800 700 600 MSR OAS - IO OAS 500 400 300 200 100 0 -100 0.00 25 bps 50 bps 75 bps 100 bps






Retention Ratio

At 100% retention rate, the OAS spread is clearly a very important component of valuing mortgage servicing. At current levels of around 10% retention and a cost savings of 50 bps to 75 bps, the increased OAS is worth 45-65 bps in OAS. Again, this number is not negligible but neither is it significant. At aggressive industry levels of 30% retention and again at cost savings amounts of 50 bps to 75 bps, the OAS pickup is 130-195 bps. At that kind of retention level and price, servicing which trades 50 bps rich to Trust IO without consideration of the retention component would be valued 80-140 bps cheap to the Trust if retention is inlcuded. What does all this mean for hedging mortgage servicing? One thing is absolutely clear: it is impossible to perfectly hedge the market price of mortgage servicing in the absence of the existence of the complement. This section and the prior one showed the large amounts of spread volatility in historical mortgage servicing price data. Like most prepayment sensitive assets, there are periods when the model duration can accurately describe price movements and there are periods where it cannot. As all market participants know, dislocations between aberrant behavior and long-term equilibrium behavior can persist for long periods of time. New accounting rules have added additional difficulties for mortgage servicers. However, just as it is impossible to perfectly hedge servicing due to the nonexistence of the complement, it is even more impossible to hedge noneconomic definitions and accounting rules. Participants in the servicing market should attempt to influence the accounting debate so that the economics are more accurately reflected in the accounting rules. There is generally not enough price data, nor enough homogeneity in the mortgage servicing market, to derive empirical durations for mortgage servicing. Therefore, there remain two approaches which can be taken to calculate hedge ratios for MSR. One solution is to live with the model durations and to accept the resulting short-term p&l volatility; in the long term, if the prepayment model is reasonably accurate, the p&l from owning mortgage servicing should match the long-term economics. For shorter holding periods, waiting for the convergence of the empirical duration to the long-term equilibrium value may not be feasible.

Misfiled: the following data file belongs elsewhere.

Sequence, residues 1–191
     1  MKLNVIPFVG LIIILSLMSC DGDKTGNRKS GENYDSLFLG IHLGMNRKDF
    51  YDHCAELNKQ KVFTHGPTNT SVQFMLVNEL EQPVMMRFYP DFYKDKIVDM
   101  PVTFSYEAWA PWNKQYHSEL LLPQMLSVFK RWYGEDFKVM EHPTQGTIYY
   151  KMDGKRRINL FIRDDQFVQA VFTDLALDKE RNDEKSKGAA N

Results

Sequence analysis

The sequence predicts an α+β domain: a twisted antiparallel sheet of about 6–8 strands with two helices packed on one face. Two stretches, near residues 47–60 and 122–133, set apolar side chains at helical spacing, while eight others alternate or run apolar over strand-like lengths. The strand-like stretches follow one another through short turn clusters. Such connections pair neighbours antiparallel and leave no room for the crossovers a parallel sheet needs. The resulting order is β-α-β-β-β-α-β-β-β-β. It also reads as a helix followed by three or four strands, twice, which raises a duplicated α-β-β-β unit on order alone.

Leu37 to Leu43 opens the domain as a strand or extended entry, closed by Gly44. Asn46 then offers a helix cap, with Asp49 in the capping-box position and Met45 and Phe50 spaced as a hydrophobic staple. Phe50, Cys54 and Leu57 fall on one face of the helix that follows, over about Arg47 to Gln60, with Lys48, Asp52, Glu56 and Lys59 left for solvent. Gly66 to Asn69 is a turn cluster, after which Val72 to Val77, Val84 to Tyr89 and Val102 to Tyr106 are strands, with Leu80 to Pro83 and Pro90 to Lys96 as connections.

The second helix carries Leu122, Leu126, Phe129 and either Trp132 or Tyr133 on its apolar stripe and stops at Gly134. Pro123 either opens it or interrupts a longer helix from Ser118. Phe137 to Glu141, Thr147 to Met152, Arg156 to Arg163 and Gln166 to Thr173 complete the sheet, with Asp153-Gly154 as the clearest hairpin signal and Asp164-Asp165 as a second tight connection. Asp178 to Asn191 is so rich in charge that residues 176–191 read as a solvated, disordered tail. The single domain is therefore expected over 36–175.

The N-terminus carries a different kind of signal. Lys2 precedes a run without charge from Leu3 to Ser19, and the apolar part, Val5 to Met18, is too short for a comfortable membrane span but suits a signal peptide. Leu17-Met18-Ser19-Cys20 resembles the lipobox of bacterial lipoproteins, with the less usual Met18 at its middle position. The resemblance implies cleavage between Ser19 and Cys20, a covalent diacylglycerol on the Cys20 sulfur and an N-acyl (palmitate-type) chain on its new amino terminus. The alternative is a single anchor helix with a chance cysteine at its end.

CDCs approach to hedging MSR is to make adjustments to model-derived IO hedge ratios and partial durations based on certain empirical results and to apply these same adjustments to the model derived hedge ratios and partial durations for MSR. For example, if Trust IOs are trading to much more negative durations than models would indicate, CDC might shift the elbow of the prepayment curve by an amount necessary to obtain the empirical trading duration of the Trust IO, and then use that same shifted model to compute the duration of mortgage servicing. It should be stressed that the discussion in this section refers to the price sensitivity of MSR to any market parameter. For simplicity, we have focused on interest rates and mortgage rates. Specifically, in periods of low prepayment volatility then the methods described in this section regarding the hedge ratios of IOs and MSRs can be usefully applied, whether the hedge instruments are POs, Treasuries, interest-rate swaps, floors, or whatever. Now, it may be true that Treasuries will exhibit larger errors in hedging MSR than, say, POs will, but that is a question not of hedge ratio or duration but of basis risk. It is also true that the analysis in this section can be applied to the hedging of prepayment duration. Recall that over the period September 1998 through March 1999, the mortgage universe experienced the most massive prepayment wave ever, and it reverberated throughout the sector until well into the winter months of 1999. Unless prepayment-sensitive hedges were employed, then hedges during this period proved inadequate in specifically hedging against prepayment risk. Because there is a limited supply of hedge instruments which have non-vanishing prepayment duration, it is impossible for larger servicers to hedge out their sensitivity to prepayments. As a result, prepayments still remain, and will always remain, a significant risk of owning mortgage servicing.